Sensory processing is our body’s ability to receive, understand, and organize incoming information from our world.² This information could be how something feels, what it looks like, how you are moving your body, what something tastes like, or the feeling of your bladder being full. Once this kind of information is received by our central nervous system, we typically have some type of physical, mental, or emotional reaction to it.
When these reactions interfere with our ability to successfully participate in the world around us, we call this sensory processing disorder. The neurological process that allows us to organize our sensations for use is called sensory integration.² Certain people might process sensory information faster or slower, or more or less than others. This can cause us to either avoid or seek out certain sensory experiences to help our body feel ‘just right’.
You may have heard about the body’s 5 senses, but there are actually 8! They are responsible for receiving different types of sensory input and sending that information to the brain to be processed.³ These senses include:
The way we process all of this information can greatly influence our ability to engage in purposeful behavior and daily occupations like brushing our hair, taking a shower, going to the bathroom, or socializing with our peers.¹ For more information on each of the specific sensory systems, ask your therapist for more guidance or grab a sensory-specific handout or see the back of this handout for book recommendations.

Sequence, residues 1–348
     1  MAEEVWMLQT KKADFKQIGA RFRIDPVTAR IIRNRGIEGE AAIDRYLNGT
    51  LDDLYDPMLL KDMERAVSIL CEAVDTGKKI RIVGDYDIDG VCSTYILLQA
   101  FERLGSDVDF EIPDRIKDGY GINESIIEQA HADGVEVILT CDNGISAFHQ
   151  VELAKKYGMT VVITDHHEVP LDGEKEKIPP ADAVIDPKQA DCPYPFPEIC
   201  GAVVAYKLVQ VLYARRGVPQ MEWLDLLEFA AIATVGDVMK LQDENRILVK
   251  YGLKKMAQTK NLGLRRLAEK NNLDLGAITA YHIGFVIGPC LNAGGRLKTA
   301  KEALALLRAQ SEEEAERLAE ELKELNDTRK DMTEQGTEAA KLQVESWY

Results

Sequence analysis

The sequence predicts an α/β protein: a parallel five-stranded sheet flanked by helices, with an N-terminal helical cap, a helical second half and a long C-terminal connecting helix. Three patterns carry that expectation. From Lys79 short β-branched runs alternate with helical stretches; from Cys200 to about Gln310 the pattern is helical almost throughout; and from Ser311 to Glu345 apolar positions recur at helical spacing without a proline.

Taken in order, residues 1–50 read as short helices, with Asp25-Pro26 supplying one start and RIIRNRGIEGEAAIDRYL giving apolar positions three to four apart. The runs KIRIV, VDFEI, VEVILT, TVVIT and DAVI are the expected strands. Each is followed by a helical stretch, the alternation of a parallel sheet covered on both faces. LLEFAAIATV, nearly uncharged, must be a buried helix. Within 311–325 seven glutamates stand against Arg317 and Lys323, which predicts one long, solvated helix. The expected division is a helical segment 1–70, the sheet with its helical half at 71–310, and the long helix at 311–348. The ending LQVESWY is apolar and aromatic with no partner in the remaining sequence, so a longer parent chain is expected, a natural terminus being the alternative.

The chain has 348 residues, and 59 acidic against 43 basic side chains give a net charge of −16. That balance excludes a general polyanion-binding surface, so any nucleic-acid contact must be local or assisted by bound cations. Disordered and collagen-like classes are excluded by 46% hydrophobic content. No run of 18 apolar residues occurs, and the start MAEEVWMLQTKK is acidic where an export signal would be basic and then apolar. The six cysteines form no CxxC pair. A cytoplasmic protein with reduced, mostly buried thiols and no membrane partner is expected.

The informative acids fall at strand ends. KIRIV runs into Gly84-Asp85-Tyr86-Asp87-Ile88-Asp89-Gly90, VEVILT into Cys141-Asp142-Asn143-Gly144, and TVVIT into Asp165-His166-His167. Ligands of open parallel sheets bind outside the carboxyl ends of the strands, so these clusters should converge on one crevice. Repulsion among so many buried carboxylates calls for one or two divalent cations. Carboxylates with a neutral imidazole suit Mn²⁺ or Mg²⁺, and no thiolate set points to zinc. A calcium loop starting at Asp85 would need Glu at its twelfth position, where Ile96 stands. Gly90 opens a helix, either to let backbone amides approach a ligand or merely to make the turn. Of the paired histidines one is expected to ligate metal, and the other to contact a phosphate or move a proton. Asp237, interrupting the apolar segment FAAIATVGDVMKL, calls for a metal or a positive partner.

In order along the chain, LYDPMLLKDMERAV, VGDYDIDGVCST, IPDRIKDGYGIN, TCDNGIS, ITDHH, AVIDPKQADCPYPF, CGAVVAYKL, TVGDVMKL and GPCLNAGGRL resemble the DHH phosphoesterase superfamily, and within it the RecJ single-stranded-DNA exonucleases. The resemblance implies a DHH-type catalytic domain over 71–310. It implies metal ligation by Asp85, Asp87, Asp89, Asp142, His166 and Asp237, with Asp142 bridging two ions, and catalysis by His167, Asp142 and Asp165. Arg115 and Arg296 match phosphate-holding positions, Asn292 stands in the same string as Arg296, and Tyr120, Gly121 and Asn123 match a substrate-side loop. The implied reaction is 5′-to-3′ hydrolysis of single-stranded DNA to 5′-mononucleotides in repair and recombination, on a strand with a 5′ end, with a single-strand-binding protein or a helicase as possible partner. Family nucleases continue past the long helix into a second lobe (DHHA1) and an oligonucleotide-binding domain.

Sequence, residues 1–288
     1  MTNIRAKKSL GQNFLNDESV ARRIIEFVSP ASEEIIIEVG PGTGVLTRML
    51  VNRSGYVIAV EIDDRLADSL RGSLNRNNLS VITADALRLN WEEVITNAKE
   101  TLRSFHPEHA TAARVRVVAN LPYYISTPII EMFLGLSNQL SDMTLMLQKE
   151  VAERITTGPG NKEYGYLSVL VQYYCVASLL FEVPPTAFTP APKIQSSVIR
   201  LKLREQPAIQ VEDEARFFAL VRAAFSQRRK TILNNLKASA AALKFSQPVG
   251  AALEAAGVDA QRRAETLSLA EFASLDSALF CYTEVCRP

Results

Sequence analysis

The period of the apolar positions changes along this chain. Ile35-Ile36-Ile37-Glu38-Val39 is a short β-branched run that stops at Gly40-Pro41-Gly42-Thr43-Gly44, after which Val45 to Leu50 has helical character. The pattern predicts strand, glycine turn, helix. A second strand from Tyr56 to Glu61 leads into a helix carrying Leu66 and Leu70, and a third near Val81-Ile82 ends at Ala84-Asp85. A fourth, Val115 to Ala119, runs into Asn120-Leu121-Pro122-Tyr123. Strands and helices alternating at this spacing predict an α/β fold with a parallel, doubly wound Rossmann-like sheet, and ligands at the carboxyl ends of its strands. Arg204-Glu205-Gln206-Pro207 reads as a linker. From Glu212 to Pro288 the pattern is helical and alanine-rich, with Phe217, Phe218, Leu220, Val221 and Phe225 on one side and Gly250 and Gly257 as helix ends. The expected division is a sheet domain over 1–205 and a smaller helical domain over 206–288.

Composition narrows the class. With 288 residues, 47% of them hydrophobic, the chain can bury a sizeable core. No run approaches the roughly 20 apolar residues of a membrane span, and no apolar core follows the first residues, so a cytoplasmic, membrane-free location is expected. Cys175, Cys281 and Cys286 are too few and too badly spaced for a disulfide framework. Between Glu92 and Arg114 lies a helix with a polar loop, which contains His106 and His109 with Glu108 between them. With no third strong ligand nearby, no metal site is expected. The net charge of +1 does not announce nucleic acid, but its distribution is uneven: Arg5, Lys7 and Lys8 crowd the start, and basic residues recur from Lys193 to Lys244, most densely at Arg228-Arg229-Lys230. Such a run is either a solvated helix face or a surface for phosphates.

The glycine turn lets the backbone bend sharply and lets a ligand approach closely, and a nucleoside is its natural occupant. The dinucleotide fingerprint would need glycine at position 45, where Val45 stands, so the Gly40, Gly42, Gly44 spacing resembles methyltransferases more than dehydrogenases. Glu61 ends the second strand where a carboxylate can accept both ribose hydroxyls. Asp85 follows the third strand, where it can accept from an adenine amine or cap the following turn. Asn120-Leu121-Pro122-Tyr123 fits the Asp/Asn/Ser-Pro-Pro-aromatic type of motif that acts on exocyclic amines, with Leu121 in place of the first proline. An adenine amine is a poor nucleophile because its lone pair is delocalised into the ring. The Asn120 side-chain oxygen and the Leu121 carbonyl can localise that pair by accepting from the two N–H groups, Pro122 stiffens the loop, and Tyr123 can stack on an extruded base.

If your child’s sensory processing hasn’t yet been addressed in therapy but some of the things in this handout sound familiar, bring it up to your therapist and see what they think. A comprehensive evaluation of the child’s sensory processing abilities completed by an experienced therapist will be important in determining which specific senses need to be addressed to help you and your child learn more about what their body needs in order to meaningfully participate in daily activities. We are here to support you in finding a routine that is best for your child, and are dedicated to developing an individualized plan for each family! -Your Aspire Therapy Family
The Out of Sync Child by Carol Stock Kranowitz
Sensational Kids by Lucy Jane Miller
The Out of Sync Child Grows Up by Carol Stock Kranowitz
Too Loud, Too Bright, Too Fast, Too Tight by Sharon Heller